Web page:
The IRS’s latest crusade into the realm of digital assets threatens to redefine the landscape of decentralized finance (DeFi) with its proposed broker reporting rules.
Historically, brokers in the traditional finance (TradFi) sector are obligated to issue 1099 forms detailing an individual’s gains and losses, requiring knowledge of personal details for tax purposes. This model fits neatly within the TradFi framework, where transaction data is centralized.
However, as we pivot to the digital asset world, this model becomes increasingly problematic.
Explanation of new 1099-DA tax form
The introduction of the 1099-DA form, crypto’s equivalent to the traditional 1099, symbolizes an attempt to tether the wild expanse of crypto transactions to the IRS’s tax scaffolding.
While seemingly a minor administrative update, the implications of this are far-reaching.
The two overreaching proposals from the Treasury Department
- “Effectuate” Redefined: The term “effectuate” is expanded to include any entity that directly or indirectly facilitates digital asset transfers. This broad stroke potentially sweeps in a swath of participants in the DeFi space, from validators to wallet providers.
- Revised Broker Definition: Under the new proposals, individuals and businesses “in a position to know” or that could’ve altered their operations to identify customers are now brokers. This redefinition could drastically expand the net of entities obligated to report under 1099 requirements.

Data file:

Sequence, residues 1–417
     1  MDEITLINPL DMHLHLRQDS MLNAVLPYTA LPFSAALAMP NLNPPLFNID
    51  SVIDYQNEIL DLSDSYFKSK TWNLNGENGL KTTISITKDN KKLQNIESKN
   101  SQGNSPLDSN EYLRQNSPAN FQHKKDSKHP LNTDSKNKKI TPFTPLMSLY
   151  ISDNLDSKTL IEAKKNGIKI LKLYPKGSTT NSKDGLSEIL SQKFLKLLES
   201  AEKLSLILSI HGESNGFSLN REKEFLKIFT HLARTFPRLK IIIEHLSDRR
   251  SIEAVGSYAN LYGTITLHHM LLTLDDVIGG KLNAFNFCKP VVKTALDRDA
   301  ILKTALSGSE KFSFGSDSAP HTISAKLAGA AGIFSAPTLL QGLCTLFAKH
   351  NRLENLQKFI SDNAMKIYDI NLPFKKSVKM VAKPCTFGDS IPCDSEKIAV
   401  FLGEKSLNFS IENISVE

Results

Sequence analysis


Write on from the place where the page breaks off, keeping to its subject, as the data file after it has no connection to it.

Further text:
What these changes would mean for DeFi
- KYC for Everything: Know-your-customer (KYC) procedures would become pervasive in areas they haven’t been historically, like wallet providers, DeFi protocols, and decentralized exchanges. The mere interaction with blockchain technology might subject users and intermediaries to invasive personal data collection and reporting.
- Universal 1099 Reporting: Every tokenized asset, whether it’s a Non-Fungible Token (NFT), stablecoin, or tokenized real-world asset, would fall under the 1099 reporting umbrella. This mandate extends even to those assets without a traditional financial analog requiring such reporting.
The impossibility of accurate tax compliance under new rules
The proposed rules, far from streamlining tax reporting, seed chaos in several ways:
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- Data Exchange Nightmares: The lack of interoperability and standardization among digital asset brokers means that compiling accurate, comprehensive tax reports is a fantasy. The resultant discrepancies and inaccuracies in cost-basis reporting will turn tax season into a nightmare of reconciliation.
- Non-Optimized Cost Basis Defaults: Brokers defaulting to the First-In, First-Out (FIFO) method for cost basis reporting – or worse, cost basis at zero for transfers in – can misrepresent an individual’s actual financial activity, leading to potential overtaxation and a mess of records.